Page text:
PEMBROKE – Several New Hampshire school districts have sent out a bill that they say is way past due.
The five districts of SAU 53 recently submitted invoices totaling more than $23 million to the U.S. Department of Education for unfunded special education expenses stretching back to 1999.
Superintendent of schools Peter Warburton said the bills to the federal government went out April 28. Copies of the cover letters and bills have also been sent to New Hampshire Commissioner of Education Dr. Lyonel Tracy, Gov. John Lynch and the New Hampshire congressional delegation.
The five districts in SAU 53 are Allenstown, Chichester, Deerfield, Epsom and Pembroke.
Speaking for his districts, Warburton said, “We looked at the special education costs for the past nine years, and looked at what the federal government reimbursed us.” When Congress passed the Individuals with Disabilities Education Act (IDEA) in 1975, the government also promised to fund 40 percent of the average per pupil expenditure for every student in special education. A December 2008 memorandum from the American Association of School Administrators said Congress was “barely” at 17 percent of the promised funding, despite increases in IDEA funding of nearly $1 billion per year.
The local districts didn’t need the AASA to tell them that: they had already seen special education expenses grow and government funding shrink. A letter to U.S. Secretary of Education Arne Duncan from the Deerfield School Board reads, “The long and well-documented history of the unpaid federal share to fund special education has strapped districts across the country, and has forced school communities everywhere to reallocate monies from regular education to fund programs and staff in special education.”
The letter also included the invoice for reimbursement, in Deerfield’s case, $5.3 million.
“We decided to be proactive,” Warburton said. While the districts used a template for the bill and letter, he said, each sent out their own correspondence.
As of May 18, they had had no response from any of the recipients. Laena Fallon, press secretary for Sen. Judd Gregg, said she hadn’t seen the letter yet, but added that mail to elected officials takes an extra two weeks because it has to be inspected for anthrax and other threats.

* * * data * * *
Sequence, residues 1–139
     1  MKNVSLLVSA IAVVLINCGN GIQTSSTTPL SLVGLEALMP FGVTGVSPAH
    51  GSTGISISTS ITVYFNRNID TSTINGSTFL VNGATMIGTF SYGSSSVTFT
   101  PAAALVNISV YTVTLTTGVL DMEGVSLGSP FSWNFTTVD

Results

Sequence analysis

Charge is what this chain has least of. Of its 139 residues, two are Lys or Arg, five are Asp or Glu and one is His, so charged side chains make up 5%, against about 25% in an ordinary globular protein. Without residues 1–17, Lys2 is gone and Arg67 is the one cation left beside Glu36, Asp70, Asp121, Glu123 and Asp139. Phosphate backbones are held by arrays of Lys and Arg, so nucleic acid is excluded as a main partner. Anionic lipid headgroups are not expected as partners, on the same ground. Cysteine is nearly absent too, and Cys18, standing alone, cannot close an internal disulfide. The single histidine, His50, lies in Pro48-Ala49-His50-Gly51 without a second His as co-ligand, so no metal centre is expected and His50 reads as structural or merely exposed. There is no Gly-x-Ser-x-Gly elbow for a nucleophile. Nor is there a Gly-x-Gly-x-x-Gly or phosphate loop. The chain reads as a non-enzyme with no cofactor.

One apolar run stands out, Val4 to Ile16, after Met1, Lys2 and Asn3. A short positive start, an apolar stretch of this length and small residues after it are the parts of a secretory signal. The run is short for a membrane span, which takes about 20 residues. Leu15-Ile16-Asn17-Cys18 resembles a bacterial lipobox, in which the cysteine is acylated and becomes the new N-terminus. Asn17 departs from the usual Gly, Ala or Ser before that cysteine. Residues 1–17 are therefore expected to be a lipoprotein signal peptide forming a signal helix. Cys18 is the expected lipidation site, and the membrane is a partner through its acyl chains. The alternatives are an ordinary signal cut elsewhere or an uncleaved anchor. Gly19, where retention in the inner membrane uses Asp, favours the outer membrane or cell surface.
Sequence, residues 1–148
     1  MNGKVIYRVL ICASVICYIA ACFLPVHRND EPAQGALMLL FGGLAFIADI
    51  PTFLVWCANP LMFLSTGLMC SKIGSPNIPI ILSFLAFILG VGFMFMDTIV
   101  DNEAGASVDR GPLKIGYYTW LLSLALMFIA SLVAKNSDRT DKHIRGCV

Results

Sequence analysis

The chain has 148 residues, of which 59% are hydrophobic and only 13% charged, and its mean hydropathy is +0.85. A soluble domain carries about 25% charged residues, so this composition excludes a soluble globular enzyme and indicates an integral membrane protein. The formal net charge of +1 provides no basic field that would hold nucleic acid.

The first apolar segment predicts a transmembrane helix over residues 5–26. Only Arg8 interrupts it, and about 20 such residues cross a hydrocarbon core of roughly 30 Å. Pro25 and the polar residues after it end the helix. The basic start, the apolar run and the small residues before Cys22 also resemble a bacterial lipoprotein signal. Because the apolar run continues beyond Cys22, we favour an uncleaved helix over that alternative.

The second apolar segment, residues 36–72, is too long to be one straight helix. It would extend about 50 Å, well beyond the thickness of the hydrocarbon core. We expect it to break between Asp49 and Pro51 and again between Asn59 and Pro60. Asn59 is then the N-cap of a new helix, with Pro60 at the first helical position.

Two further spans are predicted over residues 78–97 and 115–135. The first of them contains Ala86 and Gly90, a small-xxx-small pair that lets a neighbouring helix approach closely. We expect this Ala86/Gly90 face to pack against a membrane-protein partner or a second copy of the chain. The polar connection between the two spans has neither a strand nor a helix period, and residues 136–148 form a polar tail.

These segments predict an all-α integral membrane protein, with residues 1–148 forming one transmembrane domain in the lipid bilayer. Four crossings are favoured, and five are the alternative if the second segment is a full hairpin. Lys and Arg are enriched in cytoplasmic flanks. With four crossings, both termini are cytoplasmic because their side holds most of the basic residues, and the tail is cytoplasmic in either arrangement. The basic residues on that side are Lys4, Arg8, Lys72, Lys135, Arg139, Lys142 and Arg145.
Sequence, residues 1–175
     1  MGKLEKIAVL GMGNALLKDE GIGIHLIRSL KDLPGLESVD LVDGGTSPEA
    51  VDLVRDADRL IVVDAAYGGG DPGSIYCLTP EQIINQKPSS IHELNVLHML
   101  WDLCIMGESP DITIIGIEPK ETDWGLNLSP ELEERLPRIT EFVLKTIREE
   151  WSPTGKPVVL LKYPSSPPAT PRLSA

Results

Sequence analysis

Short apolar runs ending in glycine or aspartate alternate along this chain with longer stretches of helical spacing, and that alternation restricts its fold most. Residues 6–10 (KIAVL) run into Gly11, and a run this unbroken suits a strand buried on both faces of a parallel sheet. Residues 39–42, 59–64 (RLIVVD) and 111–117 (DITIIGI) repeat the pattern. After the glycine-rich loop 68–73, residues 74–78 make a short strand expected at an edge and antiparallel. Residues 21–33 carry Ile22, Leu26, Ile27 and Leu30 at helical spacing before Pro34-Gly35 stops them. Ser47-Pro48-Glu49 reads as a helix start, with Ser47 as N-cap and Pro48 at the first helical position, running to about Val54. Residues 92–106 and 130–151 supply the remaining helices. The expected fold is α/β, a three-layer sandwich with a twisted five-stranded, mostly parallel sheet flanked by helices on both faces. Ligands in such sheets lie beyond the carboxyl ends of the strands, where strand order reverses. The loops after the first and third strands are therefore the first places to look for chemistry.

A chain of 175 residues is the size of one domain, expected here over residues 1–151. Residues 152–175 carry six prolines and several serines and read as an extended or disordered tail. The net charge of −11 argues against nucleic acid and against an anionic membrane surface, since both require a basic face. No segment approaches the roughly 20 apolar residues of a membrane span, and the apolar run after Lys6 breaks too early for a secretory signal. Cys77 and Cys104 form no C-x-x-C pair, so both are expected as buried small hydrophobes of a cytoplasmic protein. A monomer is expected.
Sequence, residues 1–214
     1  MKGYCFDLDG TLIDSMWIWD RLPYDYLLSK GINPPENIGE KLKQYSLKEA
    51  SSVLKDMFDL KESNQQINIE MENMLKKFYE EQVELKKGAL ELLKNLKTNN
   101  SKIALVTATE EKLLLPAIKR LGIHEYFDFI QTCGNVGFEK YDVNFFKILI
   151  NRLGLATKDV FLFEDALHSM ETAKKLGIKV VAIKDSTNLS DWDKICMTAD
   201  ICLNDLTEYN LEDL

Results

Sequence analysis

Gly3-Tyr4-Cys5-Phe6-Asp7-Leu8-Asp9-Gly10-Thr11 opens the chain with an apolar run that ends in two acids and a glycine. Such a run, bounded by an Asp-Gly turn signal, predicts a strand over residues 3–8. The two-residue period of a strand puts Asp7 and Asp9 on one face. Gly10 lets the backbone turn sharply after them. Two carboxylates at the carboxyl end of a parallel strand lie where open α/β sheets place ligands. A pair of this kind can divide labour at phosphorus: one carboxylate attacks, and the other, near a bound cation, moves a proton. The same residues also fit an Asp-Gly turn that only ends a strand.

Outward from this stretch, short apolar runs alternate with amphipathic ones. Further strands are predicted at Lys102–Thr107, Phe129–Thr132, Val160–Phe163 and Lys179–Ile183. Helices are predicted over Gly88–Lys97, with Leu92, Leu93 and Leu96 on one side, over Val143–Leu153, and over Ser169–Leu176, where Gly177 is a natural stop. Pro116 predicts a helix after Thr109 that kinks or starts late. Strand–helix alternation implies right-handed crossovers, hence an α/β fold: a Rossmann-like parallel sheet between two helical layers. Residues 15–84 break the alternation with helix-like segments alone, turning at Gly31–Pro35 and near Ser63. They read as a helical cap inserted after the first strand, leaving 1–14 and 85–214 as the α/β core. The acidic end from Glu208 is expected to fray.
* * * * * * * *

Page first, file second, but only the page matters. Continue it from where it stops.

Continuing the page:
Mark Bergman, press secretary for U.S. Rep. Paul Hodes, said while they hadn’t yet seen the letter, “The congressman agrees on the unfairness of unfunded mandates.”
He said Hodes co-sponsored legislation last year to fully fund IDEA, but that the bill did not pass. He said Hodes hopes to try again this legislative session.
Will it work? The Deerfield board hopes so, writing that they “are expecting the promised 40 percent reimbursement for special education.” But even if they don’t get it, they hope to open a conversation on “how we can best promote, and pay for, an appropriate and adequate education for all students.” “Our intent is that they take us seriously,” said Bonnie Beaubien, chairman of the Deerfield board.
Beaubien, a retired school administrator, saw special education expenses grow over her career and now in her work with the Deerfield board. “This is an especially difficult economic time,” she said. “Anything we can do as a school board to help the taxpayers, we feel is our responsibility.” “The unfunded federal mandate is one reason taxes are so high in all our towns, not just Deerfield,” she said.
Beaubien added that she is a strong supporter of special education. “That whole law,” she said, “came about because of a grassroots effort. People felt students’ needs were not being met, and they wanted it changed.” She doesn’t want to turn back the clock on special ed — she just wants Deerfield’s $5,316,515.
Epsom is billing the DOE for $2,416,211, board chairman Barbara Noonan said, adding that the mandated special education expenses don’t leave a lot of money for upgrading other programs.
If the federal government starts paying its share, Noonan can think of a lot of things she’d like to do. “We need to upgrade our technology and expand the building,” she said. “Parts of this building have been in existence since the 1950s.”
Her eighth-graders, the group going on to high school this fall, haven’t had new textbooks for 20 years, Noonan said. ”We do get supplements, but 20-year-old textbooks? Give me a break.”
It would cost $65,000 to $75,000 to replace the books, and that money simply isn’t available, Noonan said.
“And we don’t have a gifted and talented program,” she said. “That would be nice too.”
But like Beaubien, Noonan expects to see a check. “We’re not giving up,” she said. “We’re hoping they’ll take us seriously.”
For more information, call Warburton or Assistant Superintendent Dr. Gail Paludi at 485-5187.